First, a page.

E-voting outfit confesses vote-dropping software bug
Ten years later
Electronic voting machine manufacturer Premier Elections Solutions has warned government officials of a critical programming error that can drop votes before they are tallied.
The logic error is present on Premier's touch screen and optical scan equipment and occurs when votes are being transferred from memory cards to a central database, according to The Washington Post. In some cases, stored votes waiting to be tallied are erased before they can be counted by other stored votes. The mistake occurs in milliseconds. The problem is most likely to plague larger counties that upload a large number of cards.
The only way to detect the error is for elections officials to track the exact number of memory cards fed into the central database and compare it to the number of cards recorded as being read.
Premier, which used to go by the name Diebold, fessed up to the bug after Ohio elections officials complained of irregularities during primary elections in March. After first blaming the problems on human error and bugs in anti-virus software, Premier now admits they were caused by the logic error. The logic error has been part of the software for 10 years.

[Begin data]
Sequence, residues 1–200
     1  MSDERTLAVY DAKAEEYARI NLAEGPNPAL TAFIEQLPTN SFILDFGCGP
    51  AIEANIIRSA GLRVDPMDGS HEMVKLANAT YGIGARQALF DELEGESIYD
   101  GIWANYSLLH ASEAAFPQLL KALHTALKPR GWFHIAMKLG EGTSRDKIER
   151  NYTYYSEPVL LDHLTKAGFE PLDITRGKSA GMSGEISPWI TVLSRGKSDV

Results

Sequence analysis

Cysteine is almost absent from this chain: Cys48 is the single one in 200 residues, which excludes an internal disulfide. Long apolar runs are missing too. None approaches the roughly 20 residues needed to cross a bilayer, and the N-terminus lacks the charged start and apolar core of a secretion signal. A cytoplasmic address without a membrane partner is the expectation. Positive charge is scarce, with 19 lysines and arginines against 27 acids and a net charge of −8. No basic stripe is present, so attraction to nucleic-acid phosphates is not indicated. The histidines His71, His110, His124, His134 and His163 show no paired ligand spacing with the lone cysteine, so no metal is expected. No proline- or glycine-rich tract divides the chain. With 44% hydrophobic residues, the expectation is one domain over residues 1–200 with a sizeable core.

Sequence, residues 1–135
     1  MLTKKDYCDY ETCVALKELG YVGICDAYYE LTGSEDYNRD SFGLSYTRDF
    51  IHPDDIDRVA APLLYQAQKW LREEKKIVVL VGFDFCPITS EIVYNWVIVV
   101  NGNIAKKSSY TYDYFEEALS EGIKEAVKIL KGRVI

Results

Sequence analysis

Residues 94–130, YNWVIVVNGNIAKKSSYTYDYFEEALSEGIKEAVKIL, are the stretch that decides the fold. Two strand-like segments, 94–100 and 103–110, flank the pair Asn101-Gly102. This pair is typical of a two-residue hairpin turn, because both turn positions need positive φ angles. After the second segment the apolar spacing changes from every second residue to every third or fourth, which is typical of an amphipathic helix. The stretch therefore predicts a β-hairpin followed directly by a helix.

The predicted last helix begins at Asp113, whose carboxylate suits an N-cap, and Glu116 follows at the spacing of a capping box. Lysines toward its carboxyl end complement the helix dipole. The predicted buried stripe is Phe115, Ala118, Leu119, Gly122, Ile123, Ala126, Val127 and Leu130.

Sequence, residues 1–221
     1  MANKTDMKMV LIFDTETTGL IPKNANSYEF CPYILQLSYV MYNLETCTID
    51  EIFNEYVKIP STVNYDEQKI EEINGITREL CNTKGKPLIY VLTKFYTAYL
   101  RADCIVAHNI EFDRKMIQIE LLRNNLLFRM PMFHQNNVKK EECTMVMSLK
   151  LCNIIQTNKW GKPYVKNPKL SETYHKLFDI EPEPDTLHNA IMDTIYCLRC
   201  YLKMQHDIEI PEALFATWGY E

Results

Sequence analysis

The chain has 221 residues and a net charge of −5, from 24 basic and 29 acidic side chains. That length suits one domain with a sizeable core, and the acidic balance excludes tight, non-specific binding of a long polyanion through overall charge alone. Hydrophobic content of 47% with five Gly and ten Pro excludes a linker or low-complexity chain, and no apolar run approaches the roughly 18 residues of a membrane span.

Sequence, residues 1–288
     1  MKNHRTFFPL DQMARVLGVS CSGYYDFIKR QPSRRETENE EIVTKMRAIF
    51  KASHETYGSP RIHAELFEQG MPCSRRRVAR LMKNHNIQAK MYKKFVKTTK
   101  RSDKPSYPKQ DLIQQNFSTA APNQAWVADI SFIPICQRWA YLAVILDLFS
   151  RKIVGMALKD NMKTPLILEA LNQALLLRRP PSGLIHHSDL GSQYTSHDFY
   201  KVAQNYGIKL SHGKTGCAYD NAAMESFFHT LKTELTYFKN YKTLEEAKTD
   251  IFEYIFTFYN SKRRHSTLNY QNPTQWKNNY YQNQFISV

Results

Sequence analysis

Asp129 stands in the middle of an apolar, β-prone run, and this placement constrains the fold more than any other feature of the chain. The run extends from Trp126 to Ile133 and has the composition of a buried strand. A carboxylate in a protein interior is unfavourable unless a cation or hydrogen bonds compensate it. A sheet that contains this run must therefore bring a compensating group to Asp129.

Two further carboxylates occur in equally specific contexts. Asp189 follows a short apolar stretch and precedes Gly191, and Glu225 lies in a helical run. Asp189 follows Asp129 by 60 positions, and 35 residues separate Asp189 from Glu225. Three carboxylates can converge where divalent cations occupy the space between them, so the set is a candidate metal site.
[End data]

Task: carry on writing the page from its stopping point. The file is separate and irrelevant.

"We are indeed distressed that our previous analysis of this issue was in error," the company's president, Dave Byrd, wrote in a letter to Ohio Secretary of State Jennifer Brunner. No votes were lost because the nine counties that experienced the cock-up caught it before the results were finalized, Brunner has said.
Premier is recommending all 1,750 jurisdictions that use its equipment follow procedures that remedy the glitch. Evidently, demanding a refund and moving to paper ballots isn't among the recommendations. ®
Sponsored: Customer Identity and Access Management